A geospatial analysis for an integrated land use and water strategy

for Bagmati River in Kathmandu Valley, Nepal
A river in Nepal
Unsplash

Are cultural activities connected to river pollution? This is a question that often flies under the radar. Dr Pamela Duran Diaz, IHS Senior Planning Specialist, answered this question in a recent chapter titled "A Geospatial Analysis for an Integrated Land Use and Water Strategy for Bagmati River in Kathmandu, Nepal". In this interview, Pamela shed light on the role of individual actions and contributions in driving positive change toward environmental sustainability.

Why the Bagmati River

Many years ago, Pamela traveled through India, where she was deeply moved by the cremations at the shores of the Ganges River in Varanasi. "I started pondering the impact that these cultural practices would have on water quality." A student from Nepal explained to her that the Bagmati River is considered holy by both Hindus and Buddhists. Additionally, the Pashupatinath Temple, where the main cremation Ghats are located in Kathmandu, was severely damaged by earthquakes and thus threatened to be removed from UNESCO World Heritage list. 

"This sparked a quest within me to find ways to preserve both the cultural practices and the riparian ecosystems of the Bagmati River."

Low-quality water sources

The studies revealed that the Bagmati river is nearly oligotrophic from its source due to irregular settlements. Subsequently, agricultural runoffs containing nitrates, ammoniums, phosphorus, and heavy metals from pesticides and fertilizers exacerbate the issue. By the time the water reaches the urban core, it supports no life at all, but the challenges do not end there. All households discharge their wastewater into the river, effectively turning it into an open sewer. Despite the efforts to clean it, the conditions remain challenging, significantly impacting the health of residents in the Kathmandu Valley. "However, through water sampling at 10 different locations and contrasting it with geospatial information on different land uses, we managed to demonstrate that the primary organic matter polluting the river is not ashes from the cremations, but rather faecal E. Colis, attributed to inadequate wastewater management and infrastructure."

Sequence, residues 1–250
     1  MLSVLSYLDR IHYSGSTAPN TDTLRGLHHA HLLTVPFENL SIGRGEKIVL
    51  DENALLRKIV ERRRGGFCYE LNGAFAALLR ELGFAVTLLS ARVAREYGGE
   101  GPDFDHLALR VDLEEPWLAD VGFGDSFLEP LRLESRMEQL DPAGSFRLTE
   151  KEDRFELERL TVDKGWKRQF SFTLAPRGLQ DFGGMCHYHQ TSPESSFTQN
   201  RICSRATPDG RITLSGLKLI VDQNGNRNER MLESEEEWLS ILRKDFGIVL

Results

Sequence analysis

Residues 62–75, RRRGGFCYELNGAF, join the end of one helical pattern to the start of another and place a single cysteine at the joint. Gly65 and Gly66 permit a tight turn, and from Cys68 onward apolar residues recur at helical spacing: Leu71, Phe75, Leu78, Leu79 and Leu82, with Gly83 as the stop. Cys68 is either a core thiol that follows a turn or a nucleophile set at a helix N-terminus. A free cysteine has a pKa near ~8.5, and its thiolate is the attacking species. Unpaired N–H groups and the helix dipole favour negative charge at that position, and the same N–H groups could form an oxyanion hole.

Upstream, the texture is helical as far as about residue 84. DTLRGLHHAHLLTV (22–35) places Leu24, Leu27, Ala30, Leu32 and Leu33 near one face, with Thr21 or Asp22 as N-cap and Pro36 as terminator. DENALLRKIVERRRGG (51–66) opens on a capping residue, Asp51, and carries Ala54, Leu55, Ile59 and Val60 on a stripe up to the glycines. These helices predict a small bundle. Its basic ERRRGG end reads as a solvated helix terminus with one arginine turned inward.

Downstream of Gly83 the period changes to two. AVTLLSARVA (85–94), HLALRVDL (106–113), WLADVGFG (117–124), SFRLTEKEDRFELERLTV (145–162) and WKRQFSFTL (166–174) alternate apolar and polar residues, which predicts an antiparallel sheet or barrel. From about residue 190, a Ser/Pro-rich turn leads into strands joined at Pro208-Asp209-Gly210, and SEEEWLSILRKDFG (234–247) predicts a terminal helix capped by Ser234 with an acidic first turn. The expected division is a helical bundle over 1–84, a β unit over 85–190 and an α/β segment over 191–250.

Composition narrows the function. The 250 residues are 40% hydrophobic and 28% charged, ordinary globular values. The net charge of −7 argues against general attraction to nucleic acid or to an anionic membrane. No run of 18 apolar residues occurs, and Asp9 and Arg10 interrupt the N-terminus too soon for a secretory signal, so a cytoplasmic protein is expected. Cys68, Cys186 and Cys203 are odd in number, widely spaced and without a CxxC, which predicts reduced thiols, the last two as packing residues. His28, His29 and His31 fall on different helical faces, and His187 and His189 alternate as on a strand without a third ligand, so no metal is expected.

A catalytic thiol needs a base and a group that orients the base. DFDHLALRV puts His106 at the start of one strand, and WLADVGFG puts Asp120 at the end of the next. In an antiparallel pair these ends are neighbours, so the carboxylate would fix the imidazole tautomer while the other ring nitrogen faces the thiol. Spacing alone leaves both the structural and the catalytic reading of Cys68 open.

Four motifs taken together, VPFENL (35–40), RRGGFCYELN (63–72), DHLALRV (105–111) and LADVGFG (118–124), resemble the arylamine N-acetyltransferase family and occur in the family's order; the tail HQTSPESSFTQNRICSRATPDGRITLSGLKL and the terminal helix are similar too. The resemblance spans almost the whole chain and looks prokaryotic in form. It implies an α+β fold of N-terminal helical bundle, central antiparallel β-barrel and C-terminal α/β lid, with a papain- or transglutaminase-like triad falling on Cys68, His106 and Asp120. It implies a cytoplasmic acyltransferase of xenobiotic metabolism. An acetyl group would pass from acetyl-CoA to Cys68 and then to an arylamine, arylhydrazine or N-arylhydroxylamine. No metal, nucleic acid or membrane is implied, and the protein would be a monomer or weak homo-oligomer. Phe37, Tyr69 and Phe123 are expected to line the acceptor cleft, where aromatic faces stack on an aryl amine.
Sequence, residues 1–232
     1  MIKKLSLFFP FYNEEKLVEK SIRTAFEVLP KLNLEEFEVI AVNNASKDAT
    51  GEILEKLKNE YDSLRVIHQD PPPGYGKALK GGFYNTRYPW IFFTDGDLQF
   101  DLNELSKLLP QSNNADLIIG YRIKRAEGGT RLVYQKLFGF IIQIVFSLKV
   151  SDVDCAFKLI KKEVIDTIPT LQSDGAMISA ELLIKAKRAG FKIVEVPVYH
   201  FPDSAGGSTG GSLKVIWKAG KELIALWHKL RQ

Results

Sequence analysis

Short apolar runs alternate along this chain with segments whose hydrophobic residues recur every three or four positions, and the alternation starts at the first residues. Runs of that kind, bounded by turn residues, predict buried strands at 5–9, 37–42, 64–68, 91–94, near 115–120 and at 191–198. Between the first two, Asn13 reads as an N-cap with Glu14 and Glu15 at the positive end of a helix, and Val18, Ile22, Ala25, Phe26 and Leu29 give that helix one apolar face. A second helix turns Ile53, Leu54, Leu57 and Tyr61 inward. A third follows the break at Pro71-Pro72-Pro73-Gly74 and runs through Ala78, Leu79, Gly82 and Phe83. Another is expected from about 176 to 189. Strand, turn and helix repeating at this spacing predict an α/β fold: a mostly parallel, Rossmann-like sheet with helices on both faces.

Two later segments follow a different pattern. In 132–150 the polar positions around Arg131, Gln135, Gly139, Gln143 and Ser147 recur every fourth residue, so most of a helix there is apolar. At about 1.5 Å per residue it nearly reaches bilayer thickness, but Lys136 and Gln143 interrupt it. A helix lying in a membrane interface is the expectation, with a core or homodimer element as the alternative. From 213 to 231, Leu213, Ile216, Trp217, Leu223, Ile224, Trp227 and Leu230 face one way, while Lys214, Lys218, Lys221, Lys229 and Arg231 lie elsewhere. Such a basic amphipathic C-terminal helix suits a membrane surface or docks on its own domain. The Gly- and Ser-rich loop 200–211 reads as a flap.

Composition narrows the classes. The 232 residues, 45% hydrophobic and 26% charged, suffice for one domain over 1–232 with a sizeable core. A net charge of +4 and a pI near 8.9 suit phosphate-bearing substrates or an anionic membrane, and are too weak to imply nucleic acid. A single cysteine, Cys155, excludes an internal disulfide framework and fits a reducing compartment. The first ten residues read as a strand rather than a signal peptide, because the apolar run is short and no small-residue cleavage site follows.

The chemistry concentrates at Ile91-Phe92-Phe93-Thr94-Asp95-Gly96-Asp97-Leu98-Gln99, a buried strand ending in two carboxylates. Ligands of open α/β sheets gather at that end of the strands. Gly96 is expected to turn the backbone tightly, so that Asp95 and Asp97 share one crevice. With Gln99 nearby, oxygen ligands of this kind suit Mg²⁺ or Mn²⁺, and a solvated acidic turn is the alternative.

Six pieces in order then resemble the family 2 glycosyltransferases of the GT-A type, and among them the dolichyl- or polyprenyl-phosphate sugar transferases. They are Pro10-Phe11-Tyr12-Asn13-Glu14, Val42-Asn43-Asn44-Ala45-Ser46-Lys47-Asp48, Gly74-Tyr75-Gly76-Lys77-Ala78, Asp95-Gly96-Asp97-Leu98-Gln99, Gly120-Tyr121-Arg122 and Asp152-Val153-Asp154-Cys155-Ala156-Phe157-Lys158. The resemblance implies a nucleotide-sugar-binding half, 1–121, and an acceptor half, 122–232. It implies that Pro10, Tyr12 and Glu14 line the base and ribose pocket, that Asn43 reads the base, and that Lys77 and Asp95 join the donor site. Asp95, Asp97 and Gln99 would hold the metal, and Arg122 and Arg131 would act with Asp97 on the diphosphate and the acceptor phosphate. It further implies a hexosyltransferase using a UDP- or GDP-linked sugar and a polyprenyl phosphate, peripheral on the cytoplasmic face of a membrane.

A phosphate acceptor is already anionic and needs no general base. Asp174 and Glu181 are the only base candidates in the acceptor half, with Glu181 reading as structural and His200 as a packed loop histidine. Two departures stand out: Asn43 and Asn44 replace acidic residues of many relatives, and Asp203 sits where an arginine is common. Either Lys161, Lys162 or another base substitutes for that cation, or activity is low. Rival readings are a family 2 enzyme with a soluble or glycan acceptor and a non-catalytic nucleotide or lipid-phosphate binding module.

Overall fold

"Access to clean water and improved sanitation not only enhances public health but also preserves cultural heritage and identity."

Next steps

The role of the local government in the formulation, monitoring, and enforcing water management policies is crucial. Urgent action is needed to build a network of sewage lines that would divert wastewater from the river, along with activating existing water treatment plants (that were not operative at the time of data collection). This must be accompanied by advocacy campaigns to raise awareness among the local population to prevent further pollution of the Bagmati river. 

"These initiatives are imperative to restore the riparian ecosystems, mitigate health threats to the population, and preserve the local cultural practices around the river, including cremations."

Research implications

Through their research, the team delved into the intricate relationship between urban development and environmental well-being along the Bagmati River. "By identifying pollution sources and advocating for specific solutions like sewage infrastructure and wastewater treatment, our findings offer actionable insights tailored for policy-makers and urban planners." For the local communities residing by the river, the impact is profound. Access to clean water and improved sanitation not only enhances public health but also preserves cultural heritage and identity. 

"Ultimately, our research promotes a vision of sustainable urban development, empowering communities to safeguard their natural and cultural heritage for generations to come."

More about the author

Photo of Dr. Pamela Duran Diaz

Dr. Pamela Duran Diaz is a Senior Planning Specialist and lecturer in the master’s track on Strategic Urban Planning and Policies at IHS. Concurrently, she is pursuing a Habilitation in Sustainable Land Governance for WEF Systems at the Technical University of Munich.

Read the full bio

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